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Know to Vote: How to correctly complete your absentee mail ballot to have your vote counted

Not having a proper witness signature is the most common reason a mail ballot is rejected, along with not signing it yourself, or returning it after the deadline.

If you're not voting early or on election day, you may be one of the thousands of people voting absentee by mail this election.

As of Monday, a spokesman for Louisiana Secretary of State Kyle Ardoin said his office has received 210,368 requests for absentee mail ballots to date. That's nearly three times the number requested for the 2016 presidential election. 102,433 ballots have already been completed and returned.

The criteria for eligibility for mail ballots was greatly expanded due to the coronavirus pandemic, adding those at high risk for the disease or those who are caring for a COVID-19 patient, in addition to all voters over the age of 65.

The Secretary of State produced a video explaining how to properly fill out an absentee ballot. The video is a sign that they realize voting by mail is new to many people.

The printed instructions on the ballot help explain the process, but Ardoin spoke to WWL-TV about some common mistakes voters make.

“Make sure you make very clear marks on each office that you're voting for,” he said. “Make sure you are clearly looking at the one particular office at a time. There may be multiple columns, for example, for president. Most people don't realize there's eleven candidates running for president on the ballot in Louisiana. So make sure you don't mark every column. Make sure it's per office. Because if you mark every column, you're going to end up losing your vote if it’s not caught.”

Ardoin stressed the importance of signing the ballot and having a witness sign the ballot as well.

“And then that goes into an envelope and it's sealed and all that information is hidden inside that envelope,” he added.

Because of concerns over delays with the U.S. Postal Service, Ardoin reminds voters that absentee ballots can be dropped off at parish Registrar of Voters offices.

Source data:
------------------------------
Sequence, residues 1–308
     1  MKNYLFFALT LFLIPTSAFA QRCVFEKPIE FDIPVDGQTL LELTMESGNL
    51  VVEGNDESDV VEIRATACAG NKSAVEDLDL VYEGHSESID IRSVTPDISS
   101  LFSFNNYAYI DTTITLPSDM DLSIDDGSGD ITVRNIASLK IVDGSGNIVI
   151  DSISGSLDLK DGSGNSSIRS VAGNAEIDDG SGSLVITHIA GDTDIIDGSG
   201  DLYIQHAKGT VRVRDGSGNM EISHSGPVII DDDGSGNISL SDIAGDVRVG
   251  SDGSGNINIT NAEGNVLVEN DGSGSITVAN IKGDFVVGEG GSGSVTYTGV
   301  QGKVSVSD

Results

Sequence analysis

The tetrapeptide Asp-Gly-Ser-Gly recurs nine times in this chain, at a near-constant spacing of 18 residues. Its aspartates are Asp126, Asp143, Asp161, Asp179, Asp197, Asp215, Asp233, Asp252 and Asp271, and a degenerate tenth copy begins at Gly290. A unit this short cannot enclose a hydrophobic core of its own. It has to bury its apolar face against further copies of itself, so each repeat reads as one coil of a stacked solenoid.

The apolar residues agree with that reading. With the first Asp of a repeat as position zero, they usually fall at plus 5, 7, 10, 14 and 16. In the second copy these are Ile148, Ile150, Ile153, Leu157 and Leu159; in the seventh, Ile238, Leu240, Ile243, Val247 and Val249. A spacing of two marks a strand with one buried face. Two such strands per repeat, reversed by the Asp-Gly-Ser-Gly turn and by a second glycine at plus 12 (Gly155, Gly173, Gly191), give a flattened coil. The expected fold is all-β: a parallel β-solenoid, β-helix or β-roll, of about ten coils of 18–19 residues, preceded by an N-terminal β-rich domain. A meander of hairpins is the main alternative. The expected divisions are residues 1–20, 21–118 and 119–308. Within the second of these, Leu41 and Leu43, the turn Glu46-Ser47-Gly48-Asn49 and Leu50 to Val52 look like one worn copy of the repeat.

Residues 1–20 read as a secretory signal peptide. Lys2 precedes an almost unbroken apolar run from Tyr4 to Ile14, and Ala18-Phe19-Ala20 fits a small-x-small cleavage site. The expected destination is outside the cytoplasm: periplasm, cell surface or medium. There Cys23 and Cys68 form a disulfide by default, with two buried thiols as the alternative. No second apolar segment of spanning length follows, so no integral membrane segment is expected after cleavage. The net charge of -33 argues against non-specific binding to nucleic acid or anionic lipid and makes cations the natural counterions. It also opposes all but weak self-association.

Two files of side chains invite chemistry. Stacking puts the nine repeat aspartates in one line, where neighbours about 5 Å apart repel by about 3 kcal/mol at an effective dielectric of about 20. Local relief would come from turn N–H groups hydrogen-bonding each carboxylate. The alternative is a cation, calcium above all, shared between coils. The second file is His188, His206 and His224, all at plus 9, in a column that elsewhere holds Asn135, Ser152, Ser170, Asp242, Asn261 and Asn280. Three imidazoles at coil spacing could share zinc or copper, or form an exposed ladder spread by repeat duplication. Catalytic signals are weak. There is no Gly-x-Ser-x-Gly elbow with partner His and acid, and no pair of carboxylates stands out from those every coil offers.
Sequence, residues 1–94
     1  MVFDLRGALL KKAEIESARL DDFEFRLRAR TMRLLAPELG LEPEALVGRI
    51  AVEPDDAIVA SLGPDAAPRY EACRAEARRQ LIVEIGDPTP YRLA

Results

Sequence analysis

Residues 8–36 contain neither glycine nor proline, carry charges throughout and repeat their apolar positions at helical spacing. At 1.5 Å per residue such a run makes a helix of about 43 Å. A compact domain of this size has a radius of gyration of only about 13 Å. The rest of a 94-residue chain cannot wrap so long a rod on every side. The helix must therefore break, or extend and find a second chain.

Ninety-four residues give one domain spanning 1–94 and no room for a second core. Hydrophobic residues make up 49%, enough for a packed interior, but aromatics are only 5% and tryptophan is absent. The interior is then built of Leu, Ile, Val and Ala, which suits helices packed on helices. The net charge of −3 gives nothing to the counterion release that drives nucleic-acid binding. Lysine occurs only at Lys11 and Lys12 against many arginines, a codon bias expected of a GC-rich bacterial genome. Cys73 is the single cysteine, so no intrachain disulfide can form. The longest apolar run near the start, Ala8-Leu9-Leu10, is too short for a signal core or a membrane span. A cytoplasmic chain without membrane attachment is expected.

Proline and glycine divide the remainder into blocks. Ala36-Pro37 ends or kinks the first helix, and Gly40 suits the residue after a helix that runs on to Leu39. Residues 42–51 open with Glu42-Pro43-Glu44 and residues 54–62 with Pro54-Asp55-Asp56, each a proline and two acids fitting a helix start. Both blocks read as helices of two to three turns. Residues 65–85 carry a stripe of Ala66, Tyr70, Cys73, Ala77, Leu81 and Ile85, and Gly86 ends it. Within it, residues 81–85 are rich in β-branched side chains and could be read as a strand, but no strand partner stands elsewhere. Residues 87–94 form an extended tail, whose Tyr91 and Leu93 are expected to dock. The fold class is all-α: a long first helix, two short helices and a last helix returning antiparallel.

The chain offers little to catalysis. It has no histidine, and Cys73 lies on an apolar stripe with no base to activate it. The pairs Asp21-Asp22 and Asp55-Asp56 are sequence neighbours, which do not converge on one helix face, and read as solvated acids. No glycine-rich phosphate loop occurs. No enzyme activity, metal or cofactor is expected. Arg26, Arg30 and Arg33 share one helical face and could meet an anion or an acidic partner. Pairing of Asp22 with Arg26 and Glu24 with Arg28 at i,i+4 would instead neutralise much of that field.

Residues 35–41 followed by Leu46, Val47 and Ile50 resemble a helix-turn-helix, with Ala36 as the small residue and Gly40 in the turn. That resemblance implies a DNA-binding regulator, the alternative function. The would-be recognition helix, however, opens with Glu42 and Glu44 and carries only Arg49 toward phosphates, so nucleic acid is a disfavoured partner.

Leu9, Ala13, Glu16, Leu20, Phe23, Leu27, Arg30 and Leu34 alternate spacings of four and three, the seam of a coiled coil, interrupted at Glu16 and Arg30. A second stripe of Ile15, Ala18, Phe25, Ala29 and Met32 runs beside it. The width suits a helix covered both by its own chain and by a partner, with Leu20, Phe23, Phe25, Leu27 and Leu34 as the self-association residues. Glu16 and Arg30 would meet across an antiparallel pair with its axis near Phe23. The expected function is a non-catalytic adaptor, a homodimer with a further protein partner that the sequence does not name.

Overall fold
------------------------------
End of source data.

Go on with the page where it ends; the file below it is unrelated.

“I would say if you're less than seven days out from the election, don't use the Postal Service. Go ahead and drop your ballot off at any of the Registrar’s office locations in the parish," he said.

If you mail your ballot, you might need to put  extra stamp on it since it's a large envelope and you may have several pages of ballots inside.

So what happens to the ballot once it's received?

“When you return your ballot, they're checked in every day that comes in and then a status is placed inside the system, of which a voter can go to my web site and check the status of their absentee requests, their ballot. If the status is pending, then you're good to go. If the status is something else, then you need to call the Registrar because you may have missed a witness signature or you may have forgotten to sign it, that sort of thing. So that needs to be taken care of.”

You have until Oct. 30 to request a mail ballot and you have until the day before the election to return your ballot by mail or in person.

“The deadline for all absentee ballots to be in to be turned in and counted is by 4:30 p.m. on the day before the election, so November 2 by 4:30 p.m.,” Ardoin said.

Of the 63,000 or so mail ballots used four years ago, more than 6,000 were rejected by the local parish Board of Election Supervisors in their respective parish.

Not having a proper witness signature is the most common reason, along with not signing it yourself, or returning it after the deadline.

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